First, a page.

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It's Time to Stop Strip Searching Psychiatric Patients


Another wrote:

The female nurse told me to take off my clothes and I started shaking and sobbing into my hands covering my face. The nurse kept saying, "oh, it’s no big deal, it's not that bad,” when it clearly was very bad for me. I shook and sobbed and took off my clothes. She said she needed me to take off my underwear, too, and I shook and sobbed and said, "no no no no no." She unlatched my bra and took it as far off as possible for a person whose hands are on her face. She pulled my underwear down to my knees. She gave me a gown, which I put on hastily, then I pulled my undergarments back in place. She cheerfully said, “see it wasn’t that bad!” and left me with a couple blankets and took my clothes and other things. I wrapped myself up in the blankets as tightly as I could, curled up as small as I could, and had a panic attack for the next hour.

I wondered about the policy at our local hospitals in the Baltimore area, and I considered contacting the chairman of a number of psychiatry departments. And then I felt my stomach turn. Could I really ask if patients are strip searched? I finally decided to ask what the policies are regarding searching new admissions. Nothing about these conversations was easy.

I received a variety of responses along the entire spectrum of options. Dr. Steven Daviss, chairman of psychiatry at Baltimore Washington Medical Center told me, “We do request patients change into gowns. Most have no problem with it, they go into the bathroom, and change. If they refuse, the metal detector wand is used.”

Dr. Robert Roca, medical director at Sheppard Pratt noted, “The nursing assessment includes a head-to-toe skin examination. As a rule nothing more invasive is done.” Their assessment includes documentation of scars or lesions, and he noted that many of their patients have been victims of abuse and subsequently have histories of self-mutilation, so they feel it important to search all patients carefully.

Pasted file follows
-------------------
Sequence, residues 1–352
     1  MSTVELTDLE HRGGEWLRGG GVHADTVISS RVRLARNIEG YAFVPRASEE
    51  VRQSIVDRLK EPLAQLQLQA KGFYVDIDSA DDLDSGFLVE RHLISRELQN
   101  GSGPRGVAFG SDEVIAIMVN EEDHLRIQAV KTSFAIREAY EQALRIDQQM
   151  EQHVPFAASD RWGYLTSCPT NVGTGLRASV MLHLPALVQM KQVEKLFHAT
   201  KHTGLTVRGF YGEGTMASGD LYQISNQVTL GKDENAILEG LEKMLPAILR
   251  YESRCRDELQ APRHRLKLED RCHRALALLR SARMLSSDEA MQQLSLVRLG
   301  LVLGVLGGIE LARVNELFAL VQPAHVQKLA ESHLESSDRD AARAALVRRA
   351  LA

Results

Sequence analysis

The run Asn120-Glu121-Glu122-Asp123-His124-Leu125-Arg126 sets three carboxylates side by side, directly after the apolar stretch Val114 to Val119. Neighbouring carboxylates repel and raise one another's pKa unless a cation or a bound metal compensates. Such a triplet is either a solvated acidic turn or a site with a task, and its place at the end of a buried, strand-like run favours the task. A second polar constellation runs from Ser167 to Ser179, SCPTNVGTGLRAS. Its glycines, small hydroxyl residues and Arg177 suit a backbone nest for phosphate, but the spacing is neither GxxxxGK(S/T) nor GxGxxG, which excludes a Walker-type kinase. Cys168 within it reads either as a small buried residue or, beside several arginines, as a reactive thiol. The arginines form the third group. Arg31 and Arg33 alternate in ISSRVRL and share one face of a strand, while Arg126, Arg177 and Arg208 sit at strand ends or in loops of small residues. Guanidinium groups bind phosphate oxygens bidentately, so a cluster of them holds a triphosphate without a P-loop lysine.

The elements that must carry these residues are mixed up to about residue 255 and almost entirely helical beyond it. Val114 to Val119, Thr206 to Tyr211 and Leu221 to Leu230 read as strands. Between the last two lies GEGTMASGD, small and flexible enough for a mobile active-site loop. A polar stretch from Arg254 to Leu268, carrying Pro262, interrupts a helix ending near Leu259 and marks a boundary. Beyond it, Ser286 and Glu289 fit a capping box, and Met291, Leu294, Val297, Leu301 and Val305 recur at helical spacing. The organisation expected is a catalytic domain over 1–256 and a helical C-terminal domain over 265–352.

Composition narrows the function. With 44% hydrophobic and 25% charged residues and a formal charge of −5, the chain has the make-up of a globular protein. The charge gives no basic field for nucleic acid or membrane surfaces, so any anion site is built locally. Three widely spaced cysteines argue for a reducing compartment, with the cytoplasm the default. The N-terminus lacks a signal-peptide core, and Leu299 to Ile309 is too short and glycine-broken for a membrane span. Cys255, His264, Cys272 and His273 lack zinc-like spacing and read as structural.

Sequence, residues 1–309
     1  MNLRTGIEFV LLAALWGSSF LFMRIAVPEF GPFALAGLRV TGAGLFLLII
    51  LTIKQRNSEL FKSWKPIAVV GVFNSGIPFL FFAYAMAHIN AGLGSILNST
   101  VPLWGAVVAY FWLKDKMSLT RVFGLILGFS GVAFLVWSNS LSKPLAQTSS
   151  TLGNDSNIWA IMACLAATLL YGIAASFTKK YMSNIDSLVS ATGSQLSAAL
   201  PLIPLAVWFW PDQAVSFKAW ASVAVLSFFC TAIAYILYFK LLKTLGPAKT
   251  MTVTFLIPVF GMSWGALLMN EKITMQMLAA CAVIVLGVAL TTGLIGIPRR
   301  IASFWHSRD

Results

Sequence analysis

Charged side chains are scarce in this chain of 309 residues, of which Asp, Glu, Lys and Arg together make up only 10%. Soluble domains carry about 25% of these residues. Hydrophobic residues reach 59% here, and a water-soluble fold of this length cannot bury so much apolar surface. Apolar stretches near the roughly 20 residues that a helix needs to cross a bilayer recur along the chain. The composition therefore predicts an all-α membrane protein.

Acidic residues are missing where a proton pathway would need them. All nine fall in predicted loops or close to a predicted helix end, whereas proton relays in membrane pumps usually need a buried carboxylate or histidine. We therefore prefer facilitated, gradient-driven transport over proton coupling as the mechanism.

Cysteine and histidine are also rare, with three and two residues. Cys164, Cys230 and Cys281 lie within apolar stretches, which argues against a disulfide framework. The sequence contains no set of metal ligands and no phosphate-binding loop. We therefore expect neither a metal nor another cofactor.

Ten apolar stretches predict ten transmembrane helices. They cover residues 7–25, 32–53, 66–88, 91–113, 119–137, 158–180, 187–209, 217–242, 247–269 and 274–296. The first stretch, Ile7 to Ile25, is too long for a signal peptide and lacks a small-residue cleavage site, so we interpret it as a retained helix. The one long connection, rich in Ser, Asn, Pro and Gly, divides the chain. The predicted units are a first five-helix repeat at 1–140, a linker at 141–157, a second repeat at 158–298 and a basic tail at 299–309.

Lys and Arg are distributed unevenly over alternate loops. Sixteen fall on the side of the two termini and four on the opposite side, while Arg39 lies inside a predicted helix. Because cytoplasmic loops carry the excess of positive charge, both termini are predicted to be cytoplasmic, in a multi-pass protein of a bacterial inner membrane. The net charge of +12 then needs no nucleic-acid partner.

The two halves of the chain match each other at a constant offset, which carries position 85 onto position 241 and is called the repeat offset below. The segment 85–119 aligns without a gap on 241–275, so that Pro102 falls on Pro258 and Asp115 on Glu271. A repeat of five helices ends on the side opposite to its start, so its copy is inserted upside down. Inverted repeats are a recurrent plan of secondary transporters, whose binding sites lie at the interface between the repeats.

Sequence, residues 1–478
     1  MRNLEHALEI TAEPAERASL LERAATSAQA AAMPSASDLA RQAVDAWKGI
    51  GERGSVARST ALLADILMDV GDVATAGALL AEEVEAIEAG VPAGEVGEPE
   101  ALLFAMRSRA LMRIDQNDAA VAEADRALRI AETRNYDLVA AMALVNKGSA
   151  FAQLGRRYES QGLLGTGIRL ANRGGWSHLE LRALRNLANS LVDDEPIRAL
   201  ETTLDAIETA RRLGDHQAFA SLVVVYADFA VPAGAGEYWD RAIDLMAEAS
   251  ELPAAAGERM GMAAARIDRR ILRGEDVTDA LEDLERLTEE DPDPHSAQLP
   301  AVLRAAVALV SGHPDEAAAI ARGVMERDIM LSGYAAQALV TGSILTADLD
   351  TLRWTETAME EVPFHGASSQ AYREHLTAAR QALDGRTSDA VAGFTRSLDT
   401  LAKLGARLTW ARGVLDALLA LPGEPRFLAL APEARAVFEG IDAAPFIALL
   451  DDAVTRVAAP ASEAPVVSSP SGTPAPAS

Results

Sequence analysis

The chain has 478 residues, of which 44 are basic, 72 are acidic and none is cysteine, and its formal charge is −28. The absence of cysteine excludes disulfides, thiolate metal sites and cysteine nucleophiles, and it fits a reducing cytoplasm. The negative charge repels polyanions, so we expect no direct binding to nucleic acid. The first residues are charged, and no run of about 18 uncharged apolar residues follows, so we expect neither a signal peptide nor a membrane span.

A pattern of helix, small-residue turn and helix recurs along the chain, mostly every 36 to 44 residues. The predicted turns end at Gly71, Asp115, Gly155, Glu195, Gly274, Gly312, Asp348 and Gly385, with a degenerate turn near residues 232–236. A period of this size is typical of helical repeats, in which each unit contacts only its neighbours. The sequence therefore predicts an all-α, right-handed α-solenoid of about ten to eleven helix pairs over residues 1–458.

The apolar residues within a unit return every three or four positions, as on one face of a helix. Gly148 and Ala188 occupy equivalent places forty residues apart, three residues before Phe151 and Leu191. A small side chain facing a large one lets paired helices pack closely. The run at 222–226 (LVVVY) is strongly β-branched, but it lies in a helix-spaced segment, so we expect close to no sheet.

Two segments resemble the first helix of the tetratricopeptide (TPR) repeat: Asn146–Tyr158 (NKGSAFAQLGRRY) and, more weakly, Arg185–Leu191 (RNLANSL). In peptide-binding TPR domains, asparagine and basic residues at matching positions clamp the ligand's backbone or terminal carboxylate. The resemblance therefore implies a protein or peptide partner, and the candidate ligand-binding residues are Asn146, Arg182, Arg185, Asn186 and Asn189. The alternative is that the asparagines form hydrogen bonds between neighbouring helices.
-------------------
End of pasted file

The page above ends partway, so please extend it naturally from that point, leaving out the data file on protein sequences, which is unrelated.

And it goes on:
Judith Rohde, director of the psychiatry nursing department at Johns Hopkins Hospital, told me they have access to a metal detector wand in the ER and upon admission to the units, “We ask patients to remove their shoes and socks, and invert their pockets.” Obviously, in hospitals where all patients are not asked to undress, or to do so privately, by policy, the hospital may conduct more intrusive searches if specific patients are felt to pose a risk.

Psychiatry is practiced within the context of a culture, and here we have no clear standards, and no research that shows that one hospital is safer than another, or has better outcomes, because every psychiatric patient has been forced to undress in front of staff. Until we are certain that visual inspection increases safety on psychiatry units, such policies should be ended, and replaced by practices that are more respectful of patient privacy and dignity.

As psychiatrists, we strive to mitigate psychic distress and suffering, and these searches exacerbate distress in some patients. Callous dismissal of the patients’ discomfort embarrasses our profession and fuels the vocal anti-psychiatric movements. And most of all, any requirement to strip search all psychiatric patients leaves us as egregious perpetrators of stigma against those with mental illnesses, since other medical patients are not subject to this indignity. As one patient wrote:

Anyone who has worked in a hospital knows that violence is not limited to psychiatric patients, it’s sometimes family members or ex-lovers or just patients who are mean. Regarding the issue of contraband, all units in a hospital have patients with substance abuse issues and with that, the high likelihood of drugs/alcohol being smuggled in. Hospitals don’t take the extreme approach and strip search patients upon admission to the GI or Neurology units just because some patients who are admitted have substance abuse issues or because security was called for assistance with some other unruly patient or family member a week ago. …Sadly, the practice seems only to apply to patients being admitted to some psych units in certain hospitals. I’m relieved not all hospitals do this to psych patients, or I wouldn’t be seeing the psychiatrist I see now. I would be too afraid of him.

There may be patients who do not have a problem with being strip searched. This does not justify the practice.... It’s hard enough to be a psychiatric patient as is.

Is it time for your facility to rethink patient search policies?

—Dinah Miller, M.D.

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